The student will evaluate and critically analyze the following areas of American Government: first, the origins, principles and interpretation of the American Constitution including the tensions between federalism and nationalism; secondly, politics and the people: public opinion, political parties, elections and interest groups; thirdly, the Institutions of government which include the presidency, congress, judiciary and federal bureaucracy; fourthly, issues in public policy including social issues such as crime, energy, obscenity, and affirmative action.
Although the course activities of a TeleWeb course are conducted online, much of the course material is presented through pre-produced telecourse videos. Students will be required to view these videos. Videos are available on HCC TV cablecast or Maryland Public Television broadcast. The course videos are available via video streaming from the HCC library homepage or the American Federal Government course homepage. These can sometimes be difficult to view depending on the computer equipment used. Videos can be rented for the semester from ACT/RMI Media: 800-745-5480, http://www.rmimedia.com. The HCC library has two sets of the course videos. One set is for viewing in the library and the other set can be checked out one video at a time for a 24-hour period.
|Prerequisites||Eligible to enroll in ENGL-121 or ENGL-111 (English Composition), Math 131 (College Algebra)|
Overall Course Objectives | Major Course Topics | Course Format | Orientation | Course Requirements | Texts and Materials | Exams
Overall Course Objectives
Once you have completed this course you will be able to:
- Identify and describe the three (3) branches of government in terms of checks and balances and the principle of the separation of powers.
- Define and provide specific examples and case law related to civil liberties as enumerated in the Bill of Rights.
- Explain the concept of Federalism and its development throughout our country’s history.
- Discuss and describe how civil rights and constitutional law have been historically developed and presently implemented.
- Detail the roles, responsibilities and powers of the Executive, Legislative and Judicial branches of government.
- Describe the historical development and influence of political parties of interest groups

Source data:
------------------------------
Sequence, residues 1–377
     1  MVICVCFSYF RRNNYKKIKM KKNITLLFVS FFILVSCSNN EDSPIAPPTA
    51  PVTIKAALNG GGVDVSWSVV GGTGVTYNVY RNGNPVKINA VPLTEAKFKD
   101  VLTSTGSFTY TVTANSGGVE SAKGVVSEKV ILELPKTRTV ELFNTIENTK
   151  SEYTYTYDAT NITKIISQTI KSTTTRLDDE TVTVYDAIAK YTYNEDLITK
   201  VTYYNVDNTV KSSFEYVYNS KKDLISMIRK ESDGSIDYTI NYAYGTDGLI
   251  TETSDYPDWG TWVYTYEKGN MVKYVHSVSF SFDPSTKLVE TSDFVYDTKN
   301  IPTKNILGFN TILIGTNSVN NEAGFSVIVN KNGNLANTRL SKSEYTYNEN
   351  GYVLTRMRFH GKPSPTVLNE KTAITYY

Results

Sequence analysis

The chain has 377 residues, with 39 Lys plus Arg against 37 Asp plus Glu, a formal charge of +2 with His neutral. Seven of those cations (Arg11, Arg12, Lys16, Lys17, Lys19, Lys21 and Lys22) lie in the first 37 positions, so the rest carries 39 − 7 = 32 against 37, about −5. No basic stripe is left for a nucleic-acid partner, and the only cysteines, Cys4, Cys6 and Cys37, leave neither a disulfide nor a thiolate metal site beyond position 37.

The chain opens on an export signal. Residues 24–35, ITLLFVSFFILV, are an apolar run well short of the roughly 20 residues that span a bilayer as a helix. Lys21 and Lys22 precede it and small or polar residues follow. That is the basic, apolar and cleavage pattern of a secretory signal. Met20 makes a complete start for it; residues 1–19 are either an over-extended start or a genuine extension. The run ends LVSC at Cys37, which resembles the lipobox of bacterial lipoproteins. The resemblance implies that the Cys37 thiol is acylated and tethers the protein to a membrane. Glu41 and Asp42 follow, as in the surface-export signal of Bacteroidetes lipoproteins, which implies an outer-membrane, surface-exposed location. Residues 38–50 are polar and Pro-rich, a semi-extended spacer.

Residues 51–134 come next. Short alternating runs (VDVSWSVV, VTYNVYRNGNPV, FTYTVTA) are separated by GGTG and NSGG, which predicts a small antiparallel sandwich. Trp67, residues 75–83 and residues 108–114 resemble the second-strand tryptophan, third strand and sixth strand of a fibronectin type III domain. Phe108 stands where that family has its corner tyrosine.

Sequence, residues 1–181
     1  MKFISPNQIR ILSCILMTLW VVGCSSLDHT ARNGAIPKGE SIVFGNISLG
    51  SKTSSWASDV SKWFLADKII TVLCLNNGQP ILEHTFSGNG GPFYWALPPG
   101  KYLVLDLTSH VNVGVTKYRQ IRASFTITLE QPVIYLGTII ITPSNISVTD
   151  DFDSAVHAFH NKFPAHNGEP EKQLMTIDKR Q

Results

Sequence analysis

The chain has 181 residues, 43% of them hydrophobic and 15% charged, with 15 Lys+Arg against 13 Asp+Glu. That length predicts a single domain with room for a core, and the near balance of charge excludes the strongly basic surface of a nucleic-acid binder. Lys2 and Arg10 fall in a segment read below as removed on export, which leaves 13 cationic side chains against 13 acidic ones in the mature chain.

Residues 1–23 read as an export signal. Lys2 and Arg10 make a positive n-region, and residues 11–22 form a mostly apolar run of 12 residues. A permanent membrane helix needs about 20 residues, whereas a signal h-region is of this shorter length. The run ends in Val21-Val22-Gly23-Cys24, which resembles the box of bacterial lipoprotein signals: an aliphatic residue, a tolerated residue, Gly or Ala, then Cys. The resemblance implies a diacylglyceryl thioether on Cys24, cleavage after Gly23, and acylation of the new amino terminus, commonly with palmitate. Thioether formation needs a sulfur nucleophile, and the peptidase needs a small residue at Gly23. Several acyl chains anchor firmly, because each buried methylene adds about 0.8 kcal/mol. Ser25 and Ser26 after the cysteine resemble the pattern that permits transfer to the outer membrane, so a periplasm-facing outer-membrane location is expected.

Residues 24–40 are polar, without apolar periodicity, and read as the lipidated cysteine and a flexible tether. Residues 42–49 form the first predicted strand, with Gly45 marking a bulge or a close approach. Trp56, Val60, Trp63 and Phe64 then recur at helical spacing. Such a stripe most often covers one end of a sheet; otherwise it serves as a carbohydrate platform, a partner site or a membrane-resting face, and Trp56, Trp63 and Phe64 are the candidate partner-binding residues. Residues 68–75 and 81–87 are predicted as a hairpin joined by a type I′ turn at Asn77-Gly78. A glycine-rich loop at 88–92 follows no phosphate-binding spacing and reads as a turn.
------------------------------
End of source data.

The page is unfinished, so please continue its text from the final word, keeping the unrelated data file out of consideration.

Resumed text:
- Apply basic principles of logic and debate to defend and critically evaluate current issues in political science.
Major Course Topics
- Foundations of American Politics
- Basic Documents
- Contemporary Views and Values
- Constitutional and Legal Matters
- Structures of American Politics
- The Presidency
- Process of American Politics
- Elections and Nominations
- Parties, Public Opinion, and Interest Groups
- News Media
- Campaigns and Elections
- Is not self-paced.
- Does require on-campus testing.
- Does not require real-time chats.
- The content of the course will be delivered through videotapes and the textbook.
This course does not require on-campus orientation..
- Review the “What you should know before you register” section of the Distance Learning Homepage.
- Discussion questions and quizzes for each chapter.
- Four concise 3-5 page papers.
- A five-page paper analyzing and tracking a Congressional bill.
- A five-page paper reviewing a movie depicting the election process.
- A midterm and a final exam at the HCC Test Center for students in the local region or at a regional institution for remote students. The exam will have a flexible window of time during which it needs to be taken.
Textbook information: To visit our bookstore's online sales site, please visit www.howardccbooks.com and follow the instructions for selecting textbooks.
Technical Requirements and Plug-Ins:
The following plug-ins are required for this course:
- Internet Explorer
- Word Viewer, if you don’t have the full version of Microsoft Word
For purposes of verification and assessing learning outcomes, this course has a proctored midterm and a final exam at the HCC Test Center for students in the local region or at a regional institution for remote students. The exam will have a flexible window of time during which it needs to be taken rather than a single date and time.
If you have any questions or comments about this course, please send a message to Distance and Alternative Learning.
Last updated on 27-Feb-06 © Howard Community College, 2000